Fast track (trade)
The fast track negotiating authority (also called trade promotion authority or TPA, since 2002) for trade agreements is the authority of the President of the United States to negotiate international agreements that the Congress can approve or disapprove but cannot amend or filibuster. Fast-track negotiating authority is granted to the president by Congress. It was in effect pursuant to the Trade Act of 1974 from 1975 to 1994 and was restored in 2002 by the Trade Act of 2002. It expired at midnight on July 1, 2007.
Enactment and history 
Congress created the fast track authority in the Trade Act of 1974, § 151-154 (19 U.S.C. § 2191-2194). The fast track authority created under the Act was set to expire in 1980 but was extended for 8 years in a 1979 act and was renewed again in 1988 until 1993 to accommodate negotiation of the Uruguay Round conducted within the framework of the General Agreement on Tariffs and Trade (GATT), and was again extended to 16 April 1994, a day after the Uruguay Round concluded in the Marrakech Agreement transforming the GATT into the World Trade Organization (WTO). Pursuant to that grant of authority, Congress then enacted implementing legislation for the United States-Israel Free Trade Area, the United States-Canada Free Trade Agreement, the North American Free Trade Agreement (NAFTA), and the Uruguay Round Agreements Act (URAA). Fast track languished during the late 1990s because of the opposition of House Republicans.
Presidential candidate George W. Bush made fast track part of his campaign platform in 2000. In May 2001, as president he made a speech about the importance of free trade at the annual Council of the Americas in New York, founded by David Rockefeller and other senior US businessmen in 1965. Subsequently, the Council played a role in the implementation and securing of TPA through Congress.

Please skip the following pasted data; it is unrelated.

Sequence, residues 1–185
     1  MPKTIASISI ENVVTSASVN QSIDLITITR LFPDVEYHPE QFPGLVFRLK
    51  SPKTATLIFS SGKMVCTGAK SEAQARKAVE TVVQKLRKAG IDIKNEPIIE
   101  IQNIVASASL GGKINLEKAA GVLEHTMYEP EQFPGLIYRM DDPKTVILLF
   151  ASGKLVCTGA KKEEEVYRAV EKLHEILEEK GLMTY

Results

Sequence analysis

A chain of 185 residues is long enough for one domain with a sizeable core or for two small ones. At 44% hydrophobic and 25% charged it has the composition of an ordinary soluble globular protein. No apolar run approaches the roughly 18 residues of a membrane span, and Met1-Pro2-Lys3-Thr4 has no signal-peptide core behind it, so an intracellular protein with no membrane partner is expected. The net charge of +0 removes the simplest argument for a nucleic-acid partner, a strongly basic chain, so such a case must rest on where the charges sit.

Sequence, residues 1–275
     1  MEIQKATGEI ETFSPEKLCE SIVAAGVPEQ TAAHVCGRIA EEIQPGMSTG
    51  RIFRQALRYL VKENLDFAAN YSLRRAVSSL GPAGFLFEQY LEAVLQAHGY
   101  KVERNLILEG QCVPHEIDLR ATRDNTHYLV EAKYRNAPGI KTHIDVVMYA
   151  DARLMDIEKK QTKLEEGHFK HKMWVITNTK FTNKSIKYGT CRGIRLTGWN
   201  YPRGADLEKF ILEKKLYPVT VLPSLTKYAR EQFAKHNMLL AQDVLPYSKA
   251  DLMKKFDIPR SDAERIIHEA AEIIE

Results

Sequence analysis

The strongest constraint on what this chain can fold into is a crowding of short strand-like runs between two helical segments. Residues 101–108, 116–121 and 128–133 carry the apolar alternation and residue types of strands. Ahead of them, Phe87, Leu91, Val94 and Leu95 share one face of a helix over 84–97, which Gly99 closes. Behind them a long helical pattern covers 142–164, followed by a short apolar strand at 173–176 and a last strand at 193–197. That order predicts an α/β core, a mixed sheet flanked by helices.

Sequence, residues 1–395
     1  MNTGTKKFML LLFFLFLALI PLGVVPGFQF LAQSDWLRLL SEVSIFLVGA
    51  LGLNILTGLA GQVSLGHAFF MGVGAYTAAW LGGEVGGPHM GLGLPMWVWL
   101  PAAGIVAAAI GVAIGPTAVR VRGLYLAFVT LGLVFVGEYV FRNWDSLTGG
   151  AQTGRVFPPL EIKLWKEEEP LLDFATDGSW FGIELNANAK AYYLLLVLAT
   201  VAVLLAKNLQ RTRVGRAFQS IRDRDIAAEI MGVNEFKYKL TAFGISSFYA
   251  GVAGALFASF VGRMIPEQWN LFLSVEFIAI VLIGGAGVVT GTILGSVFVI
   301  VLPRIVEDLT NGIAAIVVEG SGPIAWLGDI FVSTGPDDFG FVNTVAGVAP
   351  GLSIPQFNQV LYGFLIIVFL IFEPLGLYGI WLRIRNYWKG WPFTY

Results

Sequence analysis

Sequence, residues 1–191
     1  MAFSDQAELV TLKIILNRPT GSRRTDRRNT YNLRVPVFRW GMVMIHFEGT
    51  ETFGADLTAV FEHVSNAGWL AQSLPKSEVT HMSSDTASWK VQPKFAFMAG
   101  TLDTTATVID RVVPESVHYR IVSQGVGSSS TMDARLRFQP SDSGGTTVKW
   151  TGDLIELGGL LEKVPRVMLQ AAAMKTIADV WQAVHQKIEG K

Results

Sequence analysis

At 3:30 a.m. on July 27, 2002, the House passed the Trade Act of 2002 narrowly by a 215 to 212 vote with 190 Republicans and 27 Democrats making up the majority. The bill passed the Senate by a vote of 64 to 34 on August 1, 2002. The Trade Act of 2002, § 2103-2105 (19 U.S.C. § 3803-3805), extended and conditioned the application of the original procedures.
Under the second period of fast-track authority, Congress enacted implementing legislation for the United States-Chile Free Trade Agreement, the United States-Singapore Free Trade Agreement, the United States-Australia Free Trade Agreement, the United States-Morocco Free Trade Agreement, the Dominican Republic-Central America-United States Free Trade Agreement, the United States-Bahrain Free Trade Agreement, the United States-Oman Free Trade Agreement, and the Peru Trade Promotion Agreement. Other agreements may come to Congress under fast track, notably: the Colombia Trade Promotion Agreement, the South Korea – United States Free Trade Agreement, and the Panama – United States Trade Promotion Agreement.
The authority will cover implementing bills with respect to trade agreements entered into before July 1, 2007. (19 U.S.C. § 3803(c)(1)(B).) The authority expired on July 1, 2007, without being renewed by Congress. Nonetheless, the authority will be available for Congressional consideration of free trade agreements with Panama, Colombia, and Korea, all of which the United States signed before the deadline.